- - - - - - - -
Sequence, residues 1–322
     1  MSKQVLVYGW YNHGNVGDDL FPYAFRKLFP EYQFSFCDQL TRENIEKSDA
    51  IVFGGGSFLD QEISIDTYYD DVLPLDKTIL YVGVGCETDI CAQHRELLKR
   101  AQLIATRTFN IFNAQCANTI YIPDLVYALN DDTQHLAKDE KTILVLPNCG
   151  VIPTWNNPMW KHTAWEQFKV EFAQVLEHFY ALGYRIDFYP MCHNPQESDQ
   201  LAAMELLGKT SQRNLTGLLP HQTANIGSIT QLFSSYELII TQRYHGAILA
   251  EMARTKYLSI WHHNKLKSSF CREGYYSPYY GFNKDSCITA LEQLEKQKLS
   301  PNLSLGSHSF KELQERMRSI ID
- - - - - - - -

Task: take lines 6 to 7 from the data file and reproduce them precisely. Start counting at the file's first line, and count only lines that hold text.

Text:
   201  LAAMELLGKT SQRNLTGLLP HQTANIGSIT QLFSSYELII TQRYHGAILA
   251  EMARTKYLSI WHHNKLKSSF CREGYYSPYY GFNKDSCITA LEQLEKQKLS